The immigrants spoke of food, abundance, and choice; they did not dwell on past hunger, scarcity, or limitation. They called their American food “Italian,” and spent their precious small earnings on “Italian” olive oil and “Italian” cheese, on meat and macaroni, foodstuffs that had once been doled out to them in minute quantities by haughty galantuomini through their intermediaries, the gabellotti. In America they bought what they wanted and decided on their own whether to buy domestic products or imports, and if imported, whether from Italy or the Italian diaspora in Argentina. Nowhere in descriptions of contadini life had they eaten these foods in this way. After migration, these foods became the everyday.
The act of taking possession of rich food associated with the well-off and the cities played a role in making immigrants from the scattered towns and villages of the Italian peninsula into Italians. It contributed mightily to the emergence of their new identity. By grafting onto their everyday life the foods of the holidays and holy time, these immigrants derived not only an ethnic identity but a sense of well-being. And as sacred food was turned into everyday food, it became more sacred. Connected as it was to the essence of being Italian, this food culture emerged as a pillar of identity and, as such, worth whatever it cost.
The encounter of Italian immigrants with food in America took place against a backdrop of real poverty. They had come to America poor and continued to suffer hardship. They lived in cramped quarters. Children went to work young. With their mothers, they fabricated artificial flowers, sewed, stitched, and hemmed garments around kitchen tables. Children suffered from rickets, a disorder associated with a lack of milk, a partner of poverty. Fathers faced constant bouts of unemployment, and when they worked, earned low salaries. They experienced only slow, painstaking economic mobility. Poverty in these initial years never lay far away and was often brought on by accidents, illnesses, and the vagaries of the American economy.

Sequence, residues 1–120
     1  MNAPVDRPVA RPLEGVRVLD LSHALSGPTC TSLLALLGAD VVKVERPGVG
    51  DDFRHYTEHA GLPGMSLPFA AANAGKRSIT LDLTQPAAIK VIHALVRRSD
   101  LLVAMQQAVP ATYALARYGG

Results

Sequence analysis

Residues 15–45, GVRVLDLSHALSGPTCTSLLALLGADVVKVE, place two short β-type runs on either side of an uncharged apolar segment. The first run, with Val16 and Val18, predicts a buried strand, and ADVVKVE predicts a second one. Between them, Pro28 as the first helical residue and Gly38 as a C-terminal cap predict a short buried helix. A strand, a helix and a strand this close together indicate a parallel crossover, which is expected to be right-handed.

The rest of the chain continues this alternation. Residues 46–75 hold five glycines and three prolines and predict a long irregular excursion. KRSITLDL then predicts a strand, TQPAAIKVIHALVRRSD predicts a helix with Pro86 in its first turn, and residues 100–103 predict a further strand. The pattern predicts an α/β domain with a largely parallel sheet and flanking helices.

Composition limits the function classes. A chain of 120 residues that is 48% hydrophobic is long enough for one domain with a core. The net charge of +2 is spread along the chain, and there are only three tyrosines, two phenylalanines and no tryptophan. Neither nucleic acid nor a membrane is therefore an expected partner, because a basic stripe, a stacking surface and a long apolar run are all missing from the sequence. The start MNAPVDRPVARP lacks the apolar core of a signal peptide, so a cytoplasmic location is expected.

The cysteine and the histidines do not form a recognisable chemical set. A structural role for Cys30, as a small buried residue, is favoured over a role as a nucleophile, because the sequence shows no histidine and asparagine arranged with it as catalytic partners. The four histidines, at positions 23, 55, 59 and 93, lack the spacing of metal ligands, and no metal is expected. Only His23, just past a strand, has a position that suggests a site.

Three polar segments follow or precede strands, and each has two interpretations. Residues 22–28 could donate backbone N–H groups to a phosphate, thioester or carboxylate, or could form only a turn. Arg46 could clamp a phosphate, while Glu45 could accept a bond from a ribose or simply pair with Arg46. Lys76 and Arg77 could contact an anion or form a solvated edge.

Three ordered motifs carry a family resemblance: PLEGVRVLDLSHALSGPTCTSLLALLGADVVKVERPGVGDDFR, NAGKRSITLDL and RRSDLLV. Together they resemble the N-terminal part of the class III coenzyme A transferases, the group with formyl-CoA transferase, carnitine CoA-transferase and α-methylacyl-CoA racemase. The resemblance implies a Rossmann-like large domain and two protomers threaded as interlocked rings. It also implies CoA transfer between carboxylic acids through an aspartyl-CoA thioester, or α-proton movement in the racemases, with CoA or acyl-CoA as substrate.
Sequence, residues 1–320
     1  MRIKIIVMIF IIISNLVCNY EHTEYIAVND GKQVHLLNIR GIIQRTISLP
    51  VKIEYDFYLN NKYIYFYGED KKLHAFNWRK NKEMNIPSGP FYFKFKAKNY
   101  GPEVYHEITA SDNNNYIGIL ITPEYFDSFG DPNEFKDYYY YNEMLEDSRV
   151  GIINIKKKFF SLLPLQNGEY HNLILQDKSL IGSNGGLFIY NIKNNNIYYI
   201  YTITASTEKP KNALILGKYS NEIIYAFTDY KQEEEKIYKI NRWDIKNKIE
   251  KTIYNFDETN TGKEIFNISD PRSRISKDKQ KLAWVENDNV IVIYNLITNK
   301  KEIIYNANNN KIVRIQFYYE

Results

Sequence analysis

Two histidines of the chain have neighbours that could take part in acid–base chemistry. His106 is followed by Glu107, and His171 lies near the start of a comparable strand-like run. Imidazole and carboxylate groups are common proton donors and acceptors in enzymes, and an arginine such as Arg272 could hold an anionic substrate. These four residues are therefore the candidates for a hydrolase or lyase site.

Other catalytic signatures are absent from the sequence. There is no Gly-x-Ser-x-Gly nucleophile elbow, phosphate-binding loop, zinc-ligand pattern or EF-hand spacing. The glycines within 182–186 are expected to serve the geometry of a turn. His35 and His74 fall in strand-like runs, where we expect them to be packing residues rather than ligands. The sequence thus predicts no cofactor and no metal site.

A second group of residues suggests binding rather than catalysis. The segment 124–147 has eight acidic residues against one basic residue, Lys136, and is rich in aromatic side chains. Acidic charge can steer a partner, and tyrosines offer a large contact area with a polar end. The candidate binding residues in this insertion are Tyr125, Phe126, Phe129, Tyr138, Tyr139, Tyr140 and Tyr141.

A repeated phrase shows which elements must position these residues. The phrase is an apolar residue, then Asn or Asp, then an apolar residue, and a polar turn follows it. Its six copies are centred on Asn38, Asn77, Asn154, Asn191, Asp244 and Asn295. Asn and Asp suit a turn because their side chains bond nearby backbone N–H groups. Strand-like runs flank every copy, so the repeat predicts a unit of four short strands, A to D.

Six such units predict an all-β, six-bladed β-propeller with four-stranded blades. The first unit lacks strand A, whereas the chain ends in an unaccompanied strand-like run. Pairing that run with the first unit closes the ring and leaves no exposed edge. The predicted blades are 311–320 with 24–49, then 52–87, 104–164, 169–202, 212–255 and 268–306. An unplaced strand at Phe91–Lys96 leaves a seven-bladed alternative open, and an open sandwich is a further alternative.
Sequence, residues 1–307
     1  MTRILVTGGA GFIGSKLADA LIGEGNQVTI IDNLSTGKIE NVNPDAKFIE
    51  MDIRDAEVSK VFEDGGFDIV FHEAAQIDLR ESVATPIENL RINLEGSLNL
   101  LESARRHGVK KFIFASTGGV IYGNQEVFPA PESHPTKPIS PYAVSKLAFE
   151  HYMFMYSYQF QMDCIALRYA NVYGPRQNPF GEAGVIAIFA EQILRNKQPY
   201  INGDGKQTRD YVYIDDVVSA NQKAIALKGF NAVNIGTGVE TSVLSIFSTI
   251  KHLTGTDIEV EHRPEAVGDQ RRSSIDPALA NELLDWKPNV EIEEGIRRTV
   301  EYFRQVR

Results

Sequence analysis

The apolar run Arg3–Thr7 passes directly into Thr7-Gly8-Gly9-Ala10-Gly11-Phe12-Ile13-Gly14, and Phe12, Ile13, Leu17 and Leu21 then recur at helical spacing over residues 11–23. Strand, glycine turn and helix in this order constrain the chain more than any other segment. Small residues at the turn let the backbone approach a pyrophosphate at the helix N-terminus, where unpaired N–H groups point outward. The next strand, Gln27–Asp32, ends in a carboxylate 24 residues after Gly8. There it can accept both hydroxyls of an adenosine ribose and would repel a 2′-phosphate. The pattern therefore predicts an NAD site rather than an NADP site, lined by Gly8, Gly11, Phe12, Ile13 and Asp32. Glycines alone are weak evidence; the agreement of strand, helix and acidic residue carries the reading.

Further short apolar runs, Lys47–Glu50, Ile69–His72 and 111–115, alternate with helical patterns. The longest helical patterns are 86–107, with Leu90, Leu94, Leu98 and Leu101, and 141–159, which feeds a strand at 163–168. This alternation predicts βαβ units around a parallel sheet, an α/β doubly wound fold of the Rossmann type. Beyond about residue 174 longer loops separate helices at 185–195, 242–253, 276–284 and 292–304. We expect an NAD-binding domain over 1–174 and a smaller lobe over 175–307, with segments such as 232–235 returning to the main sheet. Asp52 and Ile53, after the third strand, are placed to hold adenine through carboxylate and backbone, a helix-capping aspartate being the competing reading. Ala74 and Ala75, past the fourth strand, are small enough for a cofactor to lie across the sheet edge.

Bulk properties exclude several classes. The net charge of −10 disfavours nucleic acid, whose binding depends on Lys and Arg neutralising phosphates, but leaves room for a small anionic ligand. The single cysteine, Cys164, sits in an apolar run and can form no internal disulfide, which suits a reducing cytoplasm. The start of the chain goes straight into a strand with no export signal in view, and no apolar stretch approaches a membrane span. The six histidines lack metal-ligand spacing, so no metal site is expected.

Yet the poverty of the vast majority of the immigrants was not a permanent condition. Immigrants experienced modest mobility from within the ranks of the working class, moving from unskilled to somewhat more skilled positions, and from one working class neighborhood to slightly better ones. Some of them became self-employed as they tried their hand at small-scale enterprises, with food businesses a particularly popular choice. Until about 1900, many immigrants from Italy worked for and through a labor boss, a padrone. These padrone themselves had come up from the masses of the poor, but by helping to recruit and organize new immigrants for the labor force, they moved into the strata of the communal elite. So did immigrant bankers, who operated in most “little Italies”; they too occupied a higher rank than most. Their banks often doubled as grocery stores, financed by the capital they amassed in America. By and large, until the early twentieth century, Italian enclaves in America supported a small elite which knew at first hand the vulnerability of life in the laboring class. The migration out of Italy had been a relatively single-class phenomenon, and most of the individuals who rose above the masses did so as a result of taking advantage of various American opportunities.
–Hasia R. Diner
[HUNGERING FOR AMERICA: ITALIAN, IRISH AND JEWISH FOODWAYS IN THE AGE OF MIGRATION by Hasia R. Diner, Cambridge, Mass.: Harvard University Press, Copyright © 2001 by the President and Fellows of Harvard College]